Assad used chemical weapons for his own gains against innocent civilians.If the United states do not want to get involve,who will?If nothing is done to enforce the law that chemical weapons is not allowed,who knows when they will use it again.A message needs to be spread-actions have consequences.If this message is not spread,countries will disregard the law and use chemical weapons should they want it to be used.

  • We have principles we MUST enforce

    America along with the u.N has set several charters for weapons of mass destruction.Those charters have to be protected and enforced,even if you don't like it we are still the largest and most advanced military power in the war.According to the US National Debt Clock, the US government has a $16.8 trillion debt, sounds bad right well what you may not know is that we annually make $14.99 trillion dollars annually so our debt could be easily fixed in a few years with careful budgeting and support form our currently corrupt congress fix congress and we fix our debt.Stop blaming our president and war for our debt.The only thing that stops a monster from slaughtering 400 children under a week is a well planned,congress approved,constant bombardment from our drones.

  • An easy solution

    Is just to launch an ICBM on wherever Bashar is. Easy, fast, and as absurd as using bio weapons. It would make it easyer to the rebels to assume government, and after this, they would just do wherever they want. Of course, syria's economy is completly f**** for the next 40 years...

  • Not our fight

    It's not our fight. Syria government have murdered their own people BEFORE the chemical attacks. There are also other problems & debts needed to be taken care of. It will start another World War. There will never be peace in the Middle East. The U.S cannot fix all of the world's problems. We are in a huge debt ourselves. How will we even pay for the war?

  • Syria has many allies, Russia is one of them.

    Syria has may allies. Russia is included and doesn't like us. If we get involved it can be the initiation of World War 3. And then this will cause a major economic drop and lives of the people lost. This can cause a major army draft. If we get involved there is no one to support in our fight and instead of us getting involved and maybe helping some refugees, that help will probably backfire. We may die because if Asaad killed his own people , what can he do to us.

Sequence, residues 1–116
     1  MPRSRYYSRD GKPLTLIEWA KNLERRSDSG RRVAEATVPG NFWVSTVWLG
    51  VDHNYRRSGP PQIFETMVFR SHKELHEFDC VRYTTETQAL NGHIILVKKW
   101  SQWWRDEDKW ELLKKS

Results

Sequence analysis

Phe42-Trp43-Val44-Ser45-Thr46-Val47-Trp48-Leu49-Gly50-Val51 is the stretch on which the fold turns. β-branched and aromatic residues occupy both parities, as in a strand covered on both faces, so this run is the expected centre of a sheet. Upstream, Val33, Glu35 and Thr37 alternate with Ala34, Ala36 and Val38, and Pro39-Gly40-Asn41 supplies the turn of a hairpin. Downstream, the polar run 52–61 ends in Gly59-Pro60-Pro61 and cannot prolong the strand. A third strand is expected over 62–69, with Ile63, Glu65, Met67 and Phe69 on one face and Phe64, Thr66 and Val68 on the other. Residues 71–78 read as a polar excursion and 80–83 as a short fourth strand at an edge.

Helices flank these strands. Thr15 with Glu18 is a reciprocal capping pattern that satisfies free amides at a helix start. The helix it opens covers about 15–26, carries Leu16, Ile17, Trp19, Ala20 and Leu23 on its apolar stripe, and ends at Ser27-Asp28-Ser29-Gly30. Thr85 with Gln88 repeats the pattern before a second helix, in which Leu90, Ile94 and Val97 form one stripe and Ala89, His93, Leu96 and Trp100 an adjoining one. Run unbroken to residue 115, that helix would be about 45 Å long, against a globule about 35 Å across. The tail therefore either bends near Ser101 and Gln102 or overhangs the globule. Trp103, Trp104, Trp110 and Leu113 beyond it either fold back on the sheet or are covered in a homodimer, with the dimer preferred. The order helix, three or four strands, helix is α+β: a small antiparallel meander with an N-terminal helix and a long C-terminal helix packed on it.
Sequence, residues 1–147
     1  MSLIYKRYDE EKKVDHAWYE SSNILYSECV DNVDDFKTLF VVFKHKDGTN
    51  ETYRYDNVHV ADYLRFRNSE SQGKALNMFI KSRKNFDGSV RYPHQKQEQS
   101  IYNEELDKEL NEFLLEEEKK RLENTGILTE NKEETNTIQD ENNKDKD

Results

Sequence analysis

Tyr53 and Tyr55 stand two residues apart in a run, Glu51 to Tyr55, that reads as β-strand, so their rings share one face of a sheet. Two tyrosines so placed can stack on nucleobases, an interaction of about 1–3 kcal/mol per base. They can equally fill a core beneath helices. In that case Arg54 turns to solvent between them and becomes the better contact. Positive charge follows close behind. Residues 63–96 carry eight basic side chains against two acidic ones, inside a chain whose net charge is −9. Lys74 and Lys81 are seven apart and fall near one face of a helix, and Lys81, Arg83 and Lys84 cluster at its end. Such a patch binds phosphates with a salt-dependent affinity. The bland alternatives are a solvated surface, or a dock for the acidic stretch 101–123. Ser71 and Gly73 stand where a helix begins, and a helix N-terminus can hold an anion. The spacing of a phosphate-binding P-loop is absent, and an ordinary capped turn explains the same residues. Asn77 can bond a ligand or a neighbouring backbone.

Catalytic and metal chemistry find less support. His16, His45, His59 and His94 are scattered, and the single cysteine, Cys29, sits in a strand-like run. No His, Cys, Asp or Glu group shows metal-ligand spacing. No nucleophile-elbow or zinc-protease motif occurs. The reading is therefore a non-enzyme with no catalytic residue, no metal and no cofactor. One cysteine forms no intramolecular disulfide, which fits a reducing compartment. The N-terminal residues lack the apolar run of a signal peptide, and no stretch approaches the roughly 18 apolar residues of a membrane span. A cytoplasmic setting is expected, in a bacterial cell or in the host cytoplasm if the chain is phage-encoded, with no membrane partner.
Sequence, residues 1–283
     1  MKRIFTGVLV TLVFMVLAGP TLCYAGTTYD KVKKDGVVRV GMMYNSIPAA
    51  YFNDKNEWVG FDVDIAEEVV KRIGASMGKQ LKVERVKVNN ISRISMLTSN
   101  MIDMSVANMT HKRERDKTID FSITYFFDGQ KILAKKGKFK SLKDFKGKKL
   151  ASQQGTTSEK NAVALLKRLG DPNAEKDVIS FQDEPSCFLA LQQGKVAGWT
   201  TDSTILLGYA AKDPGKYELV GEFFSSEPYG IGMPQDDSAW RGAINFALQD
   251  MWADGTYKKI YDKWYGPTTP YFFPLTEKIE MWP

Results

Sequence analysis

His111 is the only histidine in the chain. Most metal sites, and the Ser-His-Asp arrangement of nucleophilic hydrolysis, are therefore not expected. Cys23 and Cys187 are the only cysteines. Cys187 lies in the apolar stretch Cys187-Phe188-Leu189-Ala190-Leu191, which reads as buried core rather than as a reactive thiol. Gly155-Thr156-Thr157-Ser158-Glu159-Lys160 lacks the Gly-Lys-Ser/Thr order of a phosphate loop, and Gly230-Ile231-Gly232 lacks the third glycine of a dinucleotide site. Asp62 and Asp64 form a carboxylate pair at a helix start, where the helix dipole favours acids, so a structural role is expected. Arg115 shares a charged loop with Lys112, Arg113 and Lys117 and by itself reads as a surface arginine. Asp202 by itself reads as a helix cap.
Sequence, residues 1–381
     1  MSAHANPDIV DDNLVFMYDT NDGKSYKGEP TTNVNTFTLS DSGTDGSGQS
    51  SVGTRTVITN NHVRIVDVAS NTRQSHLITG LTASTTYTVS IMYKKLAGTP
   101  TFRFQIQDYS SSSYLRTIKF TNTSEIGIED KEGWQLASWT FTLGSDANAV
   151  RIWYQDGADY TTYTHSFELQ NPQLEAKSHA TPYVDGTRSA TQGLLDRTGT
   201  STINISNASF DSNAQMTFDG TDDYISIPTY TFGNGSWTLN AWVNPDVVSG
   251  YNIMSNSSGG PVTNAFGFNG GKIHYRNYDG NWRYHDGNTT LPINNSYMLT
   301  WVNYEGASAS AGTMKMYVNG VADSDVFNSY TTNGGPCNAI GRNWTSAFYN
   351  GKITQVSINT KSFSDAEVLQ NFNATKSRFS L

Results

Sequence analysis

• I say NO!

    Most American citizens don't even want the military to intervene, its expensive and we don't want america to be bankrupt again, it creates yet another potential enemy, it doesn't threaten the american population so why should they get involved? It doesn't really make sense because its seriously none of their business.

  • Just Say NO

    We should not engage in any military action in Syria. The USA needs to fix our own problems and quit sticking our noses in other countries problems. I, along with thousands of other citizens in this county are still unemployed because of this crappy economy. Health care is unattainable to thousands of people because they can't afford it. Our infrastructure is totally falling apart. The crime rate is running rampant. People are losing their homes and are ending up homeless. Education is also becoming too expensive. The United States is going down the tubes. Money used to get involved in military action could be better spent fixing these problems and helping it's own citizens. We are not the country we used to be and it is a shame and disgrace. I've been unemployed for two years, after working my entire adult life and using up my entire savings and 401k to survive and hang on to my home and everything else I've worked hard for will find myself out on the street. My situation is shared by so many other people and we have absolutely no recourse. NO - we should not get involved in Syria!!

  • Six of One and Half Dozen of Another... Who Should the United States support in Syria?

    The facts about the civil war in Syria seem to be blurred despite what Americans have been told by our leaders. The repercussions of any intervention by any country could possibly spark a World War. Nations seem to be choosing sides already.